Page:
Let me start by saying this is the first issue of the DC Universe Rebirth Supergirl that I’ve read. It can a risk to jump into an ongoing title, but with this issue, I didn’t have too much trouble. The basic premise is Supergirl exploring the memories of a Kryptonian named Lar-On. From what I gathered, she’s trying to cure him being a werewolf. And, admittedly, Kryptonian werewolf is a pretty cool idea. In fact, I was drawn to the cover because of the werewolf and the caption that read “Werewolves of Krypton.”
As I said earlier, jumping into this story I didn’t feel overwhelmed. This is in part due to the familiar nature of super hero stories (if you read comics for a while, that is) and Steve Orlando’s writing. Orlando paces the issue quite well, and gives enough exposition to get readers up to speed without overwhelming them. I thought enough of the book moved the plot forward without talking too much about what had come before. That’s not always a balance you find in comics. His Supergirl is also less edgy and more in line with her character than the last Supergirl I remember reading (which I believe was back in the New 52 still).
Matias Bergara, a name I’m not familiar with, also delivers solid art in this issue. The werewolves are done particularly well. They look like the familiar monsters, but with just enough difference to say that they are indeed alien. I was also a big fan of the layouts in this issue. They were dynamic enough to keep the pages moving in an interesting fashion. Sometimes regularly arranged square panels are good enough, but I always like to see a book with layouts that challenge the norm. There were some nice overlapping panels, and some with jagged edges, which really help set the tone.
My biggest drawback was this issue was that, occasionally, the pages were a little overcrowded with text. Some of the pages looked a bit busy. At times I found my eyes overwhelmed. Overall the issue is pretty standard super hero fare, but feels unique enough not to be just a spinoff of Superman.
I have been looking forward to the start of this story for months now. And, in terms of a review, it is probably too soon to get the best judgement of the story, as this is the first issue, but here is what I know so far. Growing up reading Goosebumps, I was really excited to hear R.L. Stine was writing this story. However, it becomes obvious pretty soon that this isn’t another typical R.L. Stine horror story. This isn’t necessarily a bad thing, but it certainly did catch me off guard.
Now, Stine is a good writer, he’s been writing for decades, but the tone of this story and the dialogue really threw me off. First of all, Man-Thing can talk now, and I won’t say that’s bad just because it’s different, but he has a more comical tone about him than I had imagined. We find him struggling to make it in Hollywood, and the story is pretty light hearted. Gone were the dreary swamps (except for a flashback) and they were replaced by the busy streets of Hollywood. It’s an odd setting that could pay off in the long run of the story, but kept me at a bit of a distance from the story. That being said, Stine does write a back up feature that has a bit of a Twilight Zone vibe to it that I enjoyed.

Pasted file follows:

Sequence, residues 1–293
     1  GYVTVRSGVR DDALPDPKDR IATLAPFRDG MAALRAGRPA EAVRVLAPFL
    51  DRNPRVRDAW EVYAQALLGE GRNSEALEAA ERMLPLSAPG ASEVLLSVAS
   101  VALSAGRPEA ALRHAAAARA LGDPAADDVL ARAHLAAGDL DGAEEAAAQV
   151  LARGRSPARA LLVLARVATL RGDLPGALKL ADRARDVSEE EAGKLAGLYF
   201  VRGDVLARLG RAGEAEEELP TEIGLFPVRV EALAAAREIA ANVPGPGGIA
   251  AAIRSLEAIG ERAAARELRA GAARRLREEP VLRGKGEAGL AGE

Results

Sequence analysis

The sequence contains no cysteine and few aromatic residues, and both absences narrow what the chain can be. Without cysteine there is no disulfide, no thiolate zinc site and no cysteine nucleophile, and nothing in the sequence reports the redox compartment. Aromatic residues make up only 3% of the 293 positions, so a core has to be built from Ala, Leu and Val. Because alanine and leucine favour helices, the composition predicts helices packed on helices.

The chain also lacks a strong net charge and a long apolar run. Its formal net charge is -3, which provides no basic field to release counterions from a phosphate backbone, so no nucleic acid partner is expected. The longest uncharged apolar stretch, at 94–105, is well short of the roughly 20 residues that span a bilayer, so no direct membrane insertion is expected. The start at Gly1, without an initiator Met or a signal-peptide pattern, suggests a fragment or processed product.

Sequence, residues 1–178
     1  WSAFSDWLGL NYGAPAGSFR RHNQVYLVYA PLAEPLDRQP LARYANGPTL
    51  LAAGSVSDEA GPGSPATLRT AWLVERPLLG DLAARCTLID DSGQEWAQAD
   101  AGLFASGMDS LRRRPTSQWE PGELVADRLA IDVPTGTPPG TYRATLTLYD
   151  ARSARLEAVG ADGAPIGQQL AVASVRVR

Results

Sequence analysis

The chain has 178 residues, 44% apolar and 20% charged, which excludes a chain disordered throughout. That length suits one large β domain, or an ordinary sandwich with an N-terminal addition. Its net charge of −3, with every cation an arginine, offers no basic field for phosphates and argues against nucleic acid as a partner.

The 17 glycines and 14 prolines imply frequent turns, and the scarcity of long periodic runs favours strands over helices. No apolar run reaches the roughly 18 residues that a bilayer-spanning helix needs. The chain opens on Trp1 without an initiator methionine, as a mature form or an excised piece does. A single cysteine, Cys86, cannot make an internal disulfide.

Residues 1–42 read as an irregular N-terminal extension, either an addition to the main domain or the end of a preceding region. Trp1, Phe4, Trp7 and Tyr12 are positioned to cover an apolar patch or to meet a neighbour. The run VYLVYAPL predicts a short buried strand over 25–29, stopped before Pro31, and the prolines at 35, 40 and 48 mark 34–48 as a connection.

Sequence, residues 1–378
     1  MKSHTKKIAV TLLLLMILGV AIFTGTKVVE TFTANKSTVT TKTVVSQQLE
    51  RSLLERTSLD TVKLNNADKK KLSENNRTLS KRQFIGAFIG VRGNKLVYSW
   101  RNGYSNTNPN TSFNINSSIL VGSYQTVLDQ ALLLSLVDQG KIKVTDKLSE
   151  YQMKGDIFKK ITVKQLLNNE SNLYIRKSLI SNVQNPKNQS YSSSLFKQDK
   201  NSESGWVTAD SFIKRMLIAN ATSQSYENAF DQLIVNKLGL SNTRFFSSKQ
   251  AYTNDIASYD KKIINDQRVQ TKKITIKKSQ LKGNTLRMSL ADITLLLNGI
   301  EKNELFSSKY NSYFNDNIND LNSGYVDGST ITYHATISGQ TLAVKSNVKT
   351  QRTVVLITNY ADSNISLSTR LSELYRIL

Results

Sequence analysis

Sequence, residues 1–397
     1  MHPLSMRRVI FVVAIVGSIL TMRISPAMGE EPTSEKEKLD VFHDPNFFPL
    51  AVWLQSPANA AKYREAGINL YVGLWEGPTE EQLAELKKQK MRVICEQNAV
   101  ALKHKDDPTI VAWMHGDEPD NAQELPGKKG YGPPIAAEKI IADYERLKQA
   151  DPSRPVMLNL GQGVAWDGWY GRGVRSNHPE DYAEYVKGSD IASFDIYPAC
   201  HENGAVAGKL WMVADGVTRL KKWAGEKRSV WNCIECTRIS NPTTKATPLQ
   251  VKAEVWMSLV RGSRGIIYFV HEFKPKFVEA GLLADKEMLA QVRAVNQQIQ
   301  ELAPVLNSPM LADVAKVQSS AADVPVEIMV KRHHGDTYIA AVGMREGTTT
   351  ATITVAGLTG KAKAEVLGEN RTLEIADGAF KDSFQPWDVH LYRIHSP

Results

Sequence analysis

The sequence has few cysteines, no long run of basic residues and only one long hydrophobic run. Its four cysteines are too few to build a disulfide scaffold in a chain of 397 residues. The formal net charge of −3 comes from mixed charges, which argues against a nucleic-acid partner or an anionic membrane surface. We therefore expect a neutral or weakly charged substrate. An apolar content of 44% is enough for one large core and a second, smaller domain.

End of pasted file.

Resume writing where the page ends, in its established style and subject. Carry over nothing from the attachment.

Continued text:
I think my favorite thing about this issue was the art, by German Peralta. The artist is able to capture the essence of the Swamp Monster and does particularly well in the flash back scene where things are dark and brooding. Peralta can transition between Hollywood and the Swamp seamlessly, and it really helps to keep the reader moving with the story. The one page spread of the Man-Thing being born was my particular favorite.
While the story was far from terrible, and it’s only the first issue, I think I came away from this issue differently than I thought I would. It felt very much like an average super hero story with what could be a very different type of hero. I will continue to read the story to see where it goes, and I certainly have faith in R.L. Stine. I hope to see next issue cut down on the banter and get a little more focused, but I’ll be following to see where this goes.
Josie and the Pussy Cats # 5
This is my first dive into the new Josie and the Pussy Cats comic, but I’ve been meaning to read it for a few months. I’m a fan of the new Archie book, so I figured I’d give this one a shot, and I wasn’t disappointed. I didn’t have any trouble jumping into the story (there’s a nice little catch up box before the first page).
The best thing about this story is the characters. The story (by Marguerite Bennett and Cameron Deordio) do an excellent job of taking these old characters and making them feel fresh. Some people might worry about the quality of this book because they may remember the old cartoon as a bit silly. However, when reading this, you notice that the characters have fears, anxiety, dreams, and flaws. They felt incredibly real. There’s quite a bit of drama going on throughout this issue, but it never felt overwhelming, as the story was able to balance humor with the serious elements very well. I think that the art (by Audrey Mok) really helped with this. It wasn’t super cartoony, but it wasn’t extremely realistic, either. This kept me grounded in the fact that this was a new take on a classic and that the concept of three girls running around in cheetah print (still with tails) isn’t meant to be entirely serious.
There isn’t much to gripe about with this issue. Some of the pages had a lot of word bubbles, which slowed me down a bit, but I still found myself laughing at the dialogue, and not dreading it. The issue also looks pretty thick, but has quite a few pages at the end dedicated to the new Riverdale TV show on the CW. But that doesn’t take away from the story. This issue ends on a nice cliff hanger that genuinely had me wondering where the story would go, and will most likely see to my getting the next issue.
Review by Jordan Kirian